Each Tuesday, Smart Flight Training will post a sample question that a pilot could expect to see on an FAA Knowledge Test or hear during the oral portion of a checkride. A little known secret to saving money and time during your flight training: PREPARATION! Hopefully Testing Tuesday post will be one small step in helping you live up to your side of learning to fly by being prepared when you meet with your flight instructor, saving you money and time! Good luck on the below question – click the link at the bottom to see the answer and explanation!
During a night flight, you observe a steady white light and a flashing red light ahead and at the same altitude. What is the general direction of movement of the other aircraft?
- The other aircraft is crossing from the right to the left.
- The other aircraft is flying away from you.
- The other aircraft is crossing from the left to the right.
The correct answer is b: The other aircraft is flying away from you.
Requirements for night flight include operable navigation lights, including a steady red wingtip light on the left wing, a steady green wingtip light on the right wing, and a steady white light on the tail. Each wingtip light can be seen from the side and front of the aircraft, but not from behind. The tail light can been seen from either side and behind the plane, but not from in front. Most aircraft also have a flashing beacon, which is generally red, and flashes slowly (not in a strobing fashion, but more like a “blinking” light). The flashing beacon can be seen from most perspectives around the other aircraft.
Knowing the placement of these lights, you can determine the location and general movement of another aircraft based on which lights you are seeing from the other aircraft. This is crucial for traffic avoidance. In this case, we are seeing a steady white light and a flashing red light. The steady white is the navigation light on the tail, and the flashing red is the beacon. Since we are not seeing a steady red or steady green light, we know we are generally behind the other aircraft. So the other airplane is moving away from us.
If the other airplane had been moving from right to left, we would have seen a steady red, blinking red, and steady white light (left wing, beacon, and tail).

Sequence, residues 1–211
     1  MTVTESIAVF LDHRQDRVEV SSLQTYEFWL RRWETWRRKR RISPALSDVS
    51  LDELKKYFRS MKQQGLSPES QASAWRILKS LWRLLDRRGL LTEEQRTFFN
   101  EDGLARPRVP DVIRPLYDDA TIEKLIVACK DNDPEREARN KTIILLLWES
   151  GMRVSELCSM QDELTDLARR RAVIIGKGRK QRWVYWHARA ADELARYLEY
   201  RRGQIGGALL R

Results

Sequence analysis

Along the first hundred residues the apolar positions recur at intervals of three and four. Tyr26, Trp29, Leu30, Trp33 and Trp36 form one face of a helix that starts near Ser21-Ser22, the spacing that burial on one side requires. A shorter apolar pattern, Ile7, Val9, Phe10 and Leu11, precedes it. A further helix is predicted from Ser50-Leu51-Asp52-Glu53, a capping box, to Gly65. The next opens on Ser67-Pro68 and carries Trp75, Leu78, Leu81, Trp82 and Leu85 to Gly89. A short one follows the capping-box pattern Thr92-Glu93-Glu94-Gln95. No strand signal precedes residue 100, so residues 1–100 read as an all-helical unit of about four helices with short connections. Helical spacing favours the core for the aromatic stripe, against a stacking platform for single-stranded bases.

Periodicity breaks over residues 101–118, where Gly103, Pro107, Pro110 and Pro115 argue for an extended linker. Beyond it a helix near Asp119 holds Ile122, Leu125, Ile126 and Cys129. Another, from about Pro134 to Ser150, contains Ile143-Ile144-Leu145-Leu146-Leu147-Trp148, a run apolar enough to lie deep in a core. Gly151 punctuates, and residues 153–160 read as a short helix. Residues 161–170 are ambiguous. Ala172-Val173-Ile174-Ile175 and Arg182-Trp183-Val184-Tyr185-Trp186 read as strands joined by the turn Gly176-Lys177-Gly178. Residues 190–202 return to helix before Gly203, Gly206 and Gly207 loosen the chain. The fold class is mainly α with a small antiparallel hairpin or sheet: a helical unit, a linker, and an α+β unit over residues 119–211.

If the other aircraft had been moving from left to right, we would have seen a steady green, blinking red, and steady white light (right wing, beacon, and tail).
If you were seeing both red and green steady lights, then the other aircraft is moving generally toward you, and possibly be on a collision course!
So now that we know what general direction the other aircraft is moving, the question remains – why do we care? Because we have to know that information to determine which aircraft has the right of way, and what we must do to comply with the right of way rules…
So leave a comment telling everyone what right of way rule applies, and what the right course of action is, knowing that the other aircraft is flying away from us (assume we are faster than the other plane).
Reference: FAA Airplane Flying Handbook (see page 144 for this question specifically).
As always, I hope this Testing Tuesday question was helpful and thought-provoking! If you have any questions or concerns about this answer (or have a question that you would like to see on an upcoming Testing Tuesday post), contact us and let us know!
Andrew Hartley is a certificated flight instructor and commercial pilot in Columbus, Ohio. He likes when google answers his stupid questions because it means he’s not the only one asking google stupid questions.by